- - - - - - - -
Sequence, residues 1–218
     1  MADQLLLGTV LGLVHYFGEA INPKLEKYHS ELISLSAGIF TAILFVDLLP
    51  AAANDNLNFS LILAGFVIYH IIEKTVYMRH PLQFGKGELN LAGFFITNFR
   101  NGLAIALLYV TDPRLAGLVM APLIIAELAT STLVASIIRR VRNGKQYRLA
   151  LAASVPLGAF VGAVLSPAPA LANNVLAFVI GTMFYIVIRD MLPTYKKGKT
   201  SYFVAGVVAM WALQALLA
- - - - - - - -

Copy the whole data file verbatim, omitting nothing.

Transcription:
Sequence, residues 1–218
     1  MADQLLLGTV LGLVHYFGEA INPKLEKYHS ELISLSAGIF TAILFVDLLP
    51  AAANDNLNFS LILAGFVIYH IIEKTVYMRH PLQFGKGELN LAGFFITNFR
   101  NGLAIALLYV TDPRLAGLVM APLIIAELAT STLVASIIRR VRNGKQYRLA
   151  LAASVPLGAF VGAVLSPAPA LANNVLAFVI GTMFYIVIRD MLPTYKKGKT
   201  SYFVAGVVAM WALQALLA